Every picture tells a story, No. 9.
Adam Eberle (1863-1938) was born almost exactly a century before me, in the village of Ober-Mumbach in the Odenwald (today in the southernmost tip of the state of Hessen). He did an apprenticeship as a baker, went on the Wanderschaft as far as Metz, on his return married his cousin Anna Barbara Schütz (1860-1934) from nearby Nieder-Liebersbach and set up a bakery in the house Bahnhofstraße 27 in the small but historically important town of Lorsch. (The address doesn't quite make this another railway family, as the road named after the station runs orthogonally to the rail line and number 27 was in fact a few hundred metres away from the station. Passengers wouldn't normally have picked up their bread rolls for the journey at Eberle's bakery.)
The photo from around 1900 shows the house, with Adam, Anna Barbara, and one of the three daughters, probably the oldest, who was also called Anna Barbara, born 1893.
Let's have a zoomed in version too:
If the mother is pregnant in the photo, this is the last child on the way, Peter, who was born in 1900.
The bakery business wasn't all that successful, but it survived until 1930. Spartan living became a habit in the family. Troubles were sometimes linked to the protestant family from the hinterland not being accepted in the very catholic town. This was also discussed in the context of all three daughters remaining unmarried. However, the latter problem also had to do with World War I. Born in 1893-1897, the young women saw many of their male contemporaries going to war and not coming back.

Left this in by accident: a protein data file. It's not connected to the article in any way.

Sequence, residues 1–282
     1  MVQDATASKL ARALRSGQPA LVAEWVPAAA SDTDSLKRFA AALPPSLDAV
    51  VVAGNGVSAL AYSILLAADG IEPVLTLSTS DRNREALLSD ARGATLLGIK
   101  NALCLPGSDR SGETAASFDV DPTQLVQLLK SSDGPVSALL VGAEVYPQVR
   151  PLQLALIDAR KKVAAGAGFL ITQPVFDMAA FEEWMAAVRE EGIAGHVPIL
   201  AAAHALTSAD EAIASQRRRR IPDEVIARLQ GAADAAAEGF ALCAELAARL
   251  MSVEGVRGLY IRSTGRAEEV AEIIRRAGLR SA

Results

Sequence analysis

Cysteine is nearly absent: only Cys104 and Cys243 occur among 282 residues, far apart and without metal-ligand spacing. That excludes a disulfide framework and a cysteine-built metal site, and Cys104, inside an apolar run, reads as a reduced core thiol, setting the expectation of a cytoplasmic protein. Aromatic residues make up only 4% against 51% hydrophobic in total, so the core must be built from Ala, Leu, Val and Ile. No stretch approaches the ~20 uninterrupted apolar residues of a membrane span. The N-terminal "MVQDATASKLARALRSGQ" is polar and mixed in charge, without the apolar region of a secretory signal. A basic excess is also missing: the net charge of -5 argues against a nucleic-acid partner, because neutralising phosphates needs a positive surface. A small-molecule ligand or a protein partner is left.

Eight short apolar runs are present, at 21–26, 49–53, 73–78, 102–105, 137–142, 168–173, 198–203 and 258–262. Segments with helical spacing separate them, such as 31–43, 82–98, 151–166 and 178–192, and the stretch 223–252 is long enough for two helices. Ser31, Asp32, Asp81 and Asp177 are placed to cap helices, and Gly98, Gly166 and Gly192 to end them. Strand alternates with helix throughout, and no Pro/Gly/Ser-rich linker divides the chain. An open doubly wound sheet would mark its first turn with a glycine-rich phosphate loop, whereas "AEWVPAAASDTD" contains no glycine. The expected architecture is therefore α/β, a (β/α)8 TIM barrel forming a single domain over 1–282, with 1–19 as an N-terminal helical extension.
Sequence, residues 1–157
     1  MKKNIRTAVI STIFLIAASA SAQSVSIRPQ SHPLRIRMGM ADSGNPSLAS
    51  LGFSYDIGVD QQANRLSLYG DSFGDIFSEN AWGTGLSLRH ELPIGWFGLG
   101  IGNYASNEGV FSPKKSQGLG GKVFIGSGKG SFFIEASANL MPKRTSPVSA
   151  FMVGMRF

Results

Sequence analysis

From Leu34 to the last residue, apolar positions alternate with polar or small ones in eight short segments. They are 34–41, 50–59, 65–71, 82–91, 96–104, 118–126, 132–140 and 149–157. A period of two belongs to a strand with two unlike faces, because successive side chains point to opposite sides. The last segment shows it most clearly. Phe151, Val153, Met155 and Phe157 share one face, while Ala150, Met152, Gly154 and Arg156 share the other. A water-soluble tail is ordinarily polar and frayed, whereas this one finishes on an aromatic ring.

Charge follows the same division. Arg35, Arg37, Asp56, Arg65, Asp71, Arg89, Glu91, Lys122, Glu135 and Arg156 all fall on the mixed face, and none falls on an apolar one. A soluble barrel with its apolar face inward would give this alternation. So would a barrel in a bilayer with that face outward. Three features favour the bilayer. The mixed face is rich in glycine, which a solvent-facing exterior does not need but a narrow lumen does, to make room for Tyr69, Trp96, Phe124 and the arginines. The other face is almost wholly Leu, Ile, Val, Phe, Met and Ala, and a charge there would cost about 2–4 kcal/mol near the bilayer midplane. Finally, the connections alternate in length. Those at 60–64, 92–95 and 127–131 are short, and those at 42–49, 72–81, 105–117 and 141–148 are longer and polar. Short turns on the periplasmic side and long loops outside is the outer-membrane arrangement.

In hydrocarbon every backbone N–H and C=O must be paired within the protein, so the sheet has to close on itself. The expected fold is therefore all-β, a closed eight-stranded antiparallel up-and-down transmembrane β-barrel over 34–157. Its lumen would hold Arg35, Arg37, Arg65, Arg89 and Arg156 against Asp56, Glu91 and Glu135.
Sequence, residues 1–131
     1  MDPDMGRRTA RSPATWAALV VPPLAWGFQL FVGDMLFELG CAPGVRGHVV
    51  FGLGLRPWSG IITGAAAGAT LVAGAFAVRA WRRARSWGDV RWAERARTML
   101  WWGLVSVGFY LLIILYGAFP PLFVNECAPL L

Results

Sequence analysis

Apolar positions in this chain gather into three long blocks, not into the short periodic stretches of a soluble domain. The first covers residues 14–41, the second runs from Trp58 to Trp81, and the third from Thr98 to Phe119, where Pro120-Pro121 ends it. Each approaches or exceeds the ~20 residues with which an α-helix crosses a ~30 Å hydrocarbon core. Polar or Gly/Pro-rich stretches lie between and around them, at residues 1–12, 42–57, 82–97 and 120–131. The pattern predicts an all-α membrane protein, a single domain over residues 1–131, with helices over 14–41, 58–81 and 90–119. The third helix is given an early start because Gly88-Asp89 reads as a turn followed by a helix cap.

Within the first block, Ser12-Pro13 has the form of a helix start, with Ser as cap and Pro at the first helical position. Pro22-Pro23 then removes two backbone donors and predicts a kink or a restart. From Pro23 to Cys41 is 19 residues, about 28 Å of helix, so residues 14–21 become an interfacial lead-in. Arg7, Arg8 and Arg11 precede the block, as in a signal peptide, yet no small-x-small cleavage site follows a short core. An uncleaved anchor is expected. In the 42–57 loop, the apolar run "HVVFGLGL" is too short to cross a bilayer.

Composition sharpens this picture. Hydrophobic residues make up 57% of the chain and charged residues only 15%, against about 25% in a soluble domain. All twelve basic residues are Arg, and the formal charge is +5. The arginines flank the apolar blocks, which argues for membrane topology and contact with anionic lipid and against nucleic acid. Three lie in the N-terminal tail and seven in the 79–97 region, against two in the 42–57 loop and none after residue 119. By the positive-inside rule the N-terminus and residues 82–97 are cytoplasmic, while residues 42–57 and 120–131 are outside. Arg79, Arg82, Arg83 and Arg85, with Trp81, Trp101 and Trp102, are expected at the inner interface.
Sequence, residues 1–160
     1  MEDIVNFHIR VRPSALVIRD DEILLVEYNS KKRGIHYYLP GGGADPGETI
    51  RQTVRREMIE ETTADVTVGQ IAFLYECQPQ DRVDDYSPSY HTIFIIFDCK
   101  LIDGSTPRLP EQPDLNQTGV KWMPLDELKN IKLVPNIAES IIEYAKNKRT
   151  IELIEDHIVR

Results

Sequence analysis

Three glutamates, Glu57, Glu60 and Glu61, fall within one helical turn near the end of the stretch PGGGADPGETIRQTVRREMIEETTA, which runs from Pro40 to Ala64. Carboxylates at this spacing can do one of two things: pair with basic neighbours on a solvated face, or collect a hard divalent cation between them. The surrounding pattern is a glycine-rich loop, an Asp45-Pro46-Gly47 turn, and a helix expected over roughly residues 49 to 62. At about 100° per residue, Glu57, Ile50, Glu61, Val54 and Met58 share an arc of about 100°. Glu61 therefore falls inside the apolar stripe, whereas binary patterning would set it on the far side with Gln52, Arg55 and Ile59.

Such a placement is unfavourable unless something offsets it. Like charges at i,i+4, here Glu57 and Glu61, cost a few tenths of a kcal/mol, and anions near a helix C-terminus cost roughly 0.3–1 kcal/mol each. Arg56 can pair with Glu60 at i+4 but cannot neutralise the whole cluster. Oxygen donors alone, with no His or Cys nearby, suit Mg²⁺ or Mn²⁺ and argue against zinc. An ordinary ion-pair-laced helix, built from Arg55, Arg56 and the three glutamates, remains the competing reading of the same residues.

The daughters kept the house (and the Spartan lifestyle) until 1973, when the last surviving daughter sold it to the town, which had it demolished to build an access road for a school, allegedly. The satellite view right now just shows a car park in the gap between numbers 25 and 29. The only place it could have given access to is the Nibelungenhalle. Anyhow, the baker's house has stayed in the family for over 80 years, which is good going.
UPDATE 13.11.2021 I just discovered a new upload of genealogical data on GedBas that includes our baker Adam Eberle. Although his wife is not named, as they are cousins it is easy to find her parents. Highlights:
- the ancestry line Rettig goes back to a Johann Rettig born 1396.
- first evidence of migration into the Odenwald families. Like elsewhere in my family (in the Kraichgau), there are people coming in from Switzerland (the Bitsch family from the eponymous place) after the 30-years war, but also:
- a vicar from Creuzburg, Thuringia (Adam Getrost), who married a Bavarian woman from Eschau, then settled down at Rimbach, Odenwald.
This photo is also on flickr.
Every picture tells a story series so far:
- string quartet Wuppertal Elberfeld 1927
- greetings from Adamsweiler
- Gastwirthschaft Ferd. Weirich
- quartet times three
- Neumühl 1923
- Tangermünde railway station 1889
- a singing lesson
- bei Wilhelm Geppert
- a bakery at Lorsch 1900